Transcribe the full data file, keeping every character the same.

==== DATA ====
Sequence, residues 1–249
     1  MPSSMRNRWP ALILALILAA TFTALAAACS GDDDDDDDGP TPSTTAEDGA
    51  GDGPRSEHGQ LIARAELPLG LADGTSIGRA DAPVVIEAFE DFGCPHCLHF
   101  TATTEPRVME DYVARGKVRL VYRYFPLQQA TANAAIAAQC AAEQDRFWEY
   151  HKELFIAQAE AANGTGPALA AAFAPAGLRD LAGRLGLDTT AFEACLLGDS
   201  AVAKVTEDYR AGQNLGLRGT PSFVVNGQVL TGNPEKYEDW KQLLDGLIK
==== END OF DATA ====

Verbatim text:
Sequence, residues 1–249
     1  MPSSMRNRWP ALILALILAA TFTALAAACS GDDDDDDDGP TPSTTAEDGA
    51  GDGPRSEHGQ LIARAELPLG LADGTSIGRA DAPVVIEAFE DFGCPHCLHF
   101  TATTEPRVME DYVARGKVRL VYRYFPLQQA TANAAIAAQC AAEQDRFWEY
   151  HKELFIAQAE AANGTGPALA AAFAPAGLRD LAGRLGLDTT AFEACLLGDS
   201  AVAKVTEDYR AGQNLGLRGT PSFVVNGQVL TGNPEKYEDW KQLLDGLIK